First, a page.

For some, the pandemic has meant months of monotony. For others, those months have come with an onslaught of seemingly impossible decisions to make. Jennifer Gill, superintendent of District 186, falls into the latter category. On March 24, she announced the latest controversial move. Starting Tuesday, April 6, public school students in Springfield under the hybrid learning model – those attending some in-person classes – will start four-day weekly schedules in classrooms.
Previously, hybrid students were broken into two different groups that attended either Tuesdays and Thursdays or Wednesdays and Fridays. The new Tuesday-Friday schedule will be maintained until the end of the school year. It will mean students who were once separated into two different groups for each class will be joined together. Both remote and hybrid students spend Mondays learning asynchronously – independently but with lesson plans to follow – which will continue.
Gill told Illinois Times there were two major motivating factors behind her decision to have kids come into school buildings more often. "We're looking at what we can do to support students, to the greatest of our ability, as we end the school year," she said. The second factor was March 9 guidance from the Illinois Department of Public Health and the Illinois State Board of Education, which included that students could social-distance at three feet apart, instead of the previous six-foot minimum. "This gave us the ability to think about what we could do in this short amount of time that we have left," said Gill. In an email to parents, Gill wrote that while chosen models of learning, either remote or hybrid, will remain the same, "Exceptions will be considered based on individual and school circumstances." The last day of school is June 2.
Angie Meneghetti is acting president of the Springfield Education Association (SEA), the teacher's union. She said teachers with SEA would have preferred to have planning efforts be focused on summer learning programs and the return of students in the fall. "Now we feel like we're going to be focusing just on surviving the last six weeks, and the other two objectives will be put on the side," Meneghetti told Illinois Times.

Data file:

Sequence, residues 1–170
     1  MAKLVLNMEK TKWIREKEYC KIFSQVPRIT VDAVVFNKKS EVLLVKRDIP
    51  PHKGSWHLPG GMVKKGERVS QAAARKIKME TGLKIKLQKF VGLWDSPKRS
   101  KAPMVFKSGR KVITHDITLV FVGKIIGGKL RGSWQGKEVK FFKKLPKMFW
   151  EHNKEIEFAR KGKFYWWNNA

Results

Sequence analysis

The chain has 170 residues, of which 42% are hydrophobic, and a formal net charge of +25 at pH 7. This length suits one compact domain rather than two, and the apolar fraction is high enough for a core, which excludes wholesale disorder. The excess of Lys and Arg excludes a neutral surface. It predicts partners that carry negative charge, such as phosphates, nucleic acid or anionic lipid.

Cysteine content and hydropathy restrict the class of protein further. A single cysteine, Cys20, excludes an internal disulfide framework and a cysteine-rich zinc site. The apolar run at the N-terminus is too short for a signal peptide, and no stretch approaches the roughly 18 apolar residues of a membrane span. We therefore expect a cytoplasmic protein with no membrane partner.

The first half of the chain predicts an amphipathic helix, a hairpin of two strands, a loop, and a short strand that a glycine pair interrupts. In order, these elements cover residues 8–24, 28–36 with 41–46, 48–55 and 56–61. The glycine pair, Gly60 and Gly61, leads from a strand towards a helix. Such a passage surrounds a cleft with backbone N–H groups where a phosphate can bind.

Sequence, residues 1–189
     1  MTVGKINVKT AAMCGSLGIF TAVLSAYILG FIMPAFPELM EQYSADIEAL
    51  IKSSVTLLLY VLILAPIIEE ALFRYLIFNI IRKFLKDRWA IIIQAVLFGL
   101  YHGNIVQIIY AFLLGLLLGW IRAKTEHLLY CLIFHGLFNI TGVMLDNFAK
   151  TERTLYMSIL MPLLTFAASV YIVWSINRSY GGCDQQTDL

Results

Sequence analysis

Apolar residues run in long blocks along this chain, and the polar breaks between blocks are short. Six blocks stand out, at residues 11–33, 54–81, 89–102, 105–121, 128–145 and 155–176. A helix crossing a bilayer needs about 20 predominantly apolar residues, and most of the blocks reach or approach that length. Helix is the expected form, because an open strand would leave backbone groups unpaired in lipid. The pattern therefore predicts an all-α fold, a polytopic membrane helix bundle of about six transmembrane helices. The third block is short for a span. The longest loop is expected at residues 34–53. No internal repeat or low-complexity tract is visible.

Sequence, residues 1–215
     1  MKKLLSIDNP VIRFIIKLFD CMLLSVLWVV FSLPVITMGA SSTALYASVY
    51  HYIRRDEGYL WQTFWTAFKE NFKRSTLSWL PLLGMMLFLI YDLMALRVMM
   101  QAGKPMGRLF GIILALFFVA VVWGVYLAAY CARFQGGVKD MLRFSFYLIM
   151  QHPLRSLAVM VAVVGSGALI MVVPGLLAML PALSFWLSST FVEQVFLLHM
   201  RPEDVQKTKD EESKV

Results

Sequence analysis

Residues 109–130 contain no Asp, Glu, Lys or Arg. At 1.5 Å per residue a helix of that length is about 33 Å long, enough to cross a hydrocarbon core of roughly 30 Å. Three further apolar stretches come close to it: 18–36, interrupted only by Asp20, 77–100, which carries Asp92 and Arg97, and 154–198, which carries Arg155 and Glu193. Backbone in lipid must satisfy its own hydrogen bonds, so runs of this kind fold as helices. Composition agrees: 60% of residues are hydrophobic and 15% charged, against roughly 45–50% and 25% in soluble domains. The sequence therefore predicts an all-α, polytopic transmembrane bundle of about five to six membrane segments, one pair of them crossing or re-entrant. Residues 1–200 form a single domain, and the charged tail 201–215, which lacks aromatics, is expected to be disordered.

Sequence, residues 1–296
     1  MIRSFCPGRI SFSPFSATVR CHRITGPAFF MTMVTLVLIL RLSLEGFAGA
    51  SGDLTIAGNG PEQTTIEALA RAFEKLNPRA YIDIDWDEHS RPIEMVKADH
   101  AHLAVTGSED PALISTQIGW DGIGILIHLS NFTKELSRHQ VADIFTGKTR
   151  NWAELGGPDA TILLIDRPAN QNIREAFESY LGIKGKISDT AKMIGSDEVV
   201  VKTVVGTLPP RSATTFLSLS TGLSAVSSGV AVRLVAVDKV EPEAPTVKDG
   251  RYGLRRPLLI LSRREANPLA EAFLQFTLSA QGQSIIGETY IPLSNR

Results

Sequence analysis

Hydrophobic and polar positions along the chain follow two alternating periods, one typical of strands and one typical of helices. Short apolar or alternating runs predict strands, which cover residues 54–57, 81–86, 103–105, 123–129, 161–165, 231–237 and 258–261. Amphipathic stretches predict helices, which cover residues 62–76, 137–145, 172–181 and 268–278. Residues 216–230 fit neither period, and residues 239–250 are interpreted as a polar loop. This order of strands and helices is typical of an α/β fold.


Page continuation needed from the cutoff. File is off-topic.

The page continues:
Meneghetti said there is concern over logistics, such as properly social-distancing in classrooms, even with the new guidelines, as well as where kids will eat lunch. The new guidelines state six feet of distance is needed for lunch time, since masks aren't worn while eating. She also points out the majority of adults have yet to be vaccinated. "I think it's being pushed too quickly and I don't want it to have to go a step back and have everything go back to the way it was because we moved too soon."
For parents, choosing what's best for their children can also feel impossible. John Freml has two kids in elementary school. They were initially enrolled in the hybrid option. "We made our decision to be hybrid based on a certain set of standards that had been created in consultation with health experts." But when the school board voted at the beginning of 2021 to begin the hybrid model, even though public health guidelines it had previously agreed to follow weren't met, Freml and his family changed course. His children are now finishing out the school year remotely. Another key factor in their decision was that two days in school with a teacher for hybrid learning would equal less time with direct instruction when compared to learning four days per week via video conferencing. "It just seems like it would be more disruptive to change anything at this point," Freml said.
Tricia Nelson Becker said she's convinced school is operating as safely as possible. The district recently teamed up with the city and the Bloomberg Harvard Data Track Initiative to run a dashboard that provides daily updated information about how many confirmed positive cases among staff and students there have been in buildings. Gill said there is no evidence that any transmission of the virus has happened during school. Nelson Becker, who has two high school-aged children and another kid in seventh grade, said the switch to hybrid learning has been a huge improvement for their well-being. "Having the interaction in-person with the teachers a couple of days a week, and seeing at least some of their friends a couple of days a week has really made a world of difference for them." She said her family is looking forward to more time for in-person instruction to round out the school year. "Everything has to evolve." She points to changes over the past year, like increased knowledge about the virus and how to mitigate spread.
Gill said while not everyone is on board with the decision to spend the last weeks of the school year with more students in school buildings, the change will mean 11 additional days of in-person class time for hybrid students. "This hopefully levels the playing field a little bit and gives us one more step forward in this very long journey. It's been a very difficult time for everybody."
Contact Rachel Otwell at firstname.lastname@example.org.